G. A. Cohen was one of the leading political philosophers of recent times. He first came to wide attention in 1978 with the prize-winning book Karl Marx's Theory of History: A Defence. In subsequent decades his published writings largely turned away from the history of philosophy, focusing instead on equality, freedom, and justice. However, throughout his career he regularly lectured on a wide range of moral and political philosophers of the past. This volume collects these previously unpublished lectures.
Starting with a chapter centered on Plato, but also discussing the pre-Socratics as well as Aristotle, the book moves to social contract theory as discussed by Hobbes, Locke, and Hume, and then continues with chapters on Kant, Hegel, and Nietzsche. The book also contains some previously published but uncollected papers on Marx, Hobbes, and Kant, among other figures. The collection concludes with a memoir of Cohen written by the volume editor, Jonathan Wolff, who was a student of Cohen's.
A hallmark of the lectures is Cohen's engagement with the thinkers he discusses. Rather than simply trying to render their thought accessible to the modern reader, he tests whether their arguments and positions are clear, sound, and free from contradiction. Throughout, he homes in on central issues and provides fresh approaches to the philosophers he examines. Ultimately, these lectures teach us not only about some of the great thinkers in the history of moral and political philosophy, but also about one of the great thinkers of our time: Cohen himself.
G. A. Cohen (1941-2009) was the Chichele Professor of Social and Political Theory at All Souls College, University of Oxford, from 1985 to 2008. At the time of his death, he held the Quain Chair in Jurisprudence at University College London. His books include Finding Oneself in the Other and On the Currency of Egalitarian Justice, and Other Essays in Political Philosophy (both Princeton). Jonathan Wolff is professor of philosophy and dean of the Faculty of Arts and Humanities at University College London.
"What this collection provides . . . is a very idiosyncratic tour of the history of moral and political philosophy. The tour is very selective as to where it stops, and when it does stop it is equally selective in the sights it shows. And so it's not a tour I'd recommend to a complete newcomer to the area. But for the experienced traveler in this intellectual terrain, the sights on the tour are, almost without exception, well worth the extended stop provided."--Peter Stone, Marx and Philosophy Review of Books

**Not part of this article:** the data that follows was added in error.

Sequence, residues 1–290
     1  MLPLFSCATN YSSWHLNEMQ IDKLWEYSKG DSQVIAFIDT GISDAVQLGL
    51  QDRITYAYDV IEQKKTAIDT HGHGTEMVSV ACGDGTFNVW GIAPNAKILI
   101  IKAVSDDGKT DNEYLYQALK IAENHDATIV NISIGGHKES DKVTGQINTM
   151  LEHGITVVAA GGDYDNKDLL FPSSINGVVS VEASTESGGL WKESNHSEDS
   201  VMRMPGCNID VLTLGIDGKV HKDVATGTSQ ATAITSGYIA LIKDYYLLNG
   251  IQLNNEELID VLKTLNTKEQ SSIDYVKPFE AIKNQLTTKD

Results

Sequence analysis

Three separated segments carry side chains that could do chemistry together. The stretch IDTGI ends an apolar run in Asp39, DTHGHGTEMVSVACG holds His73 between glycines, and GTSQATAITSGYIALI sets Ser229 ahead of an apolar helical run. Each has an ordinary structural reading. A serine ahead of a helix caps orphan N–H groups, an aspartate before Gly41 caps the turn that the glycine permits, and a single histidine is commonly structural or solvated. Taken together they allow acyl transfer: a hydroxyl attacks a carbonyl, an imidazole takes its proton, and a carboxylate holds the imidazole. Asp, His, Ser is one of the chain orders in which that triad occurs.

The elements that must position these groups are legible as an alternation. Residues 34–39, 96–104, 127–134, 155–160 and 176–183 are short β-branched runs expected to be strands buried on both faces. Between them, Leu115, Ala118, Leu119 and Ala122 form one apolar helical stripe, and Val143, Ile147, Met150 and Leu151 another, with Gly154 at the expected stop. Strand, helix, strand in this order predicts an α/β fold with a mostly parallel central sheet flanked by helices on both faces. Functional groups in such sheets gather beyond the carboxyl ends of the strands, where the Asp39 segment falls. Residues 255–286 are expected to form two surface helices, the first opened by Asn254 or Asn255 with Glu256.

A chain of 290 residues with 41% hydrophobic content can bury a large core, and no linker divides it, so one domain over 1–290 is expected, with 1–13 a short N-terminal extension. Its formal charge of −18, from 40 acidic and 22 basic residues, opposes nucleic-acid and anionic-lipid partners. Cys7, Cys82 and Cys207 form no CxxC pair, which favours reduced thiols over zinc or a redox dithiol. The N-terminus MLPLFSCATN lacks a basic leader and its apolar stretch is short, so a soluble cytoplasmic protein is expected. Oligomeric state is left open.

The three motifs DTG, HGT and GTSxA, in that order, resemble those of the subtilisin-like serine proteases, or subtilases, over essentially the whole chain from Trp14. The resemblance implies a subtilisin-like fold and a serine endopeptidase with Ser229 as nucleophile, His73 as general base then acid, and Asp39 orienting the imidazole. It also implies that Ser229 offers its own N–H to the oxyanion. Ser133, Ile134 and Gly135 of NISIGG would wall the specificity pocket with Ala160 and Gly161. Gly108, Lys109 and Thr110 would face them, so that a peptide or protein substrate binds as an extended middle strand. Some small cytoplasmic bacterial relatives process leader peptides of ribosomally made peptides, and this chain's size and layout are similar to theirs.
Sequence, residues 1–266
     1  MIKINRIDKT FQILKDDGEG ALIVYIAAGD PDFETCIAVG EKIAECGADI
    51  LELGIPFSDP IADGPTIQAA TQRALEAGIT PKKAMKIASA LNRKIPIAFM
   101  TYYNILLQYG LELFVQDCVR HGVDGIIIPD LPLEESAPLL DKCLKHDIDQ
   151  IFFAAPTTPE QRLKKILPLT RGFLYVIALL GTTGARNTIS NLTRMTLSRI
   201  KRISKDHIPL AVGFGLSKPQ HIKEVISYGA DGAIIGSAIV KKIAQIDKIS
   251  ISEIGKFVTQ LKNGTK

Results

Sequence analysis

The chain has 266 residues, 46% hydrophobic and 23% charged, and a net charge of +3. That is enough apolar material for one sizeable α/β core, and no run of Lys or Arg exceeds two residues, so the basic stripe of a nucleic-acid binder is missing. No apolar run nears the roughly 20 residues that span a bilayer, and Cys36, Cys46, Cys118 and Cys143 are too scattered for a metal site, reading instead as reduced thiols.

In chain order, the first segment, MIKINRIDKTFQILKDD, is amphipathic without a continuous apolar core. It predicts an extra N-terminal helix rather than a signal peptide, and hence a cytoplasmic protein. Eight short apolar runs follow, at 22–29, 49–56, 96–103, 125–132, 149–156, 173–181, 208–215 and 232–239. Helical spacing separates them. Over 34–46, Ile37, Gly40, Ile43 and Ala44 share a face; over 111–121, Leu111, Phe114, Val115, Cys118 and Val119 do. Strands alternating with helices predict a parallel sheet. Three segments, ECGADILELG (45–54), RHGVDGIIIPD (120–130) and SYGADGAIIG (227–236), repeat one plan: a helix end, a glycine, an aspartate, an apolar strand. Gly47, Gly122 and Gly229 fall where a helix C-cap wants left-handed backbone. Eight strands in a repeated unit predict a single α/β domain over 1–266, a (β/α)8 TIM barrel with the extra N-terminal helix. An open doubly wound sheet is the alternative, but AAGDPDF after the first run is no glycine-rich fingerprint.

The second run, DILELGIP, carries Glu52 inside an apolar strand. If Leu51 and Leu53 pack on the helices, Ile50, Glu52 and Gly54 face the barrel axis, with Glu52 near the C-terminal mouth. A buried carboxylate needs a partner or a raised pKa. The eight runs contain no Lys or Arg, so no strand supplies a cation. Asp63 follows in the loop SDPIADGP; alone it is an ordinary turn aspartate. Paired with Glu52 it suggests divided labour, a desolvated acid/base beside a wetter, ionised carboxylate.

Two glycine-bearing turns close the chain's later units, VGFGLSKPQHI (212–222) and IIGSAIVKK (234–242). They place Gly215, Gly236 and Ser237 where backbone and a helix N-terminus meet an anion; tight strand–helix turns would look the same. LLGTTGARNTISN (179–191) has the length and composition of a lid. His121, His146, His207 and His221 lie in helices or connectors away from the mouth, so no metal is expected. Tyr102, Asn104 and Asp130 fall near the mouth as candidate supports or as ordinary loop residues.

"This collection of lectures--erudite, demanding, and precise, yet funny and accessible--captures Jerry Cohen's inimitable voice and sparkling brilliance. Whether discussing Plato, Locke, Marx, or Nietzsche, Cohen guides the reader through the historical context while rejuvenating its urgency by interweaving modern political concepts. Cohen's rare approach--combining charitable interpretation, intellectual honesty, analytical clarity, and a love of teaching--exemplifies how to treat historical texts as contemporary interlocutors."--Seana Shiffrin, UCLA School of Law
"These essays demonstrate brilliantly Cohen's intellectual commitment to going naked into the debating chamber. Arguments are broken down, reconstructed, analyzed, and evaluated with such perspicuity that readers can pinpoint precisely where their own judgments diverge from Cohen's, while being challenged to match his standards in responding. It is a measure of the sharpness of Cohen's intellect that even the essay on Nietzsche, where his knowledge is most limited, offers insights and arguments of real merit."--David Owen, University of Southampton
Table of Contents:
Editor's Preface vii
Part One Lectures 1
Chapter 1 Plato and His Predecessors 3
Chapter 2 Hobbes 65
Chapter 3 Locke on Property and Political Obligation 103
Chapter 4 Hume's Critique of Locke on Contract 120
Chapter 5 Kant's Ethics 138
Chapter 6 Hegel: Minds, Masters, and Slaves 183
Chapter 7 Nietzsche 201
Part Two Papers 245
Chapter 8 Bourgeois and Proletarians 247
Chapter 9 T he Workers and the Word: Why Marx Had the Right to Think He Was Right 268
Chapter 10 R eply to Elster on "Marxism, Functionalism, and Game Theory" 284
Chapter 11 Review of Karl Marx, by Allen W. Wood 298
Chapter 12 Reason, Humanity, and the Moral Law 305
Part Three Memoir 325
Chapter 13 G. A. Cohen: A Memoir, Jonathan Wolff 327
Works Cited 345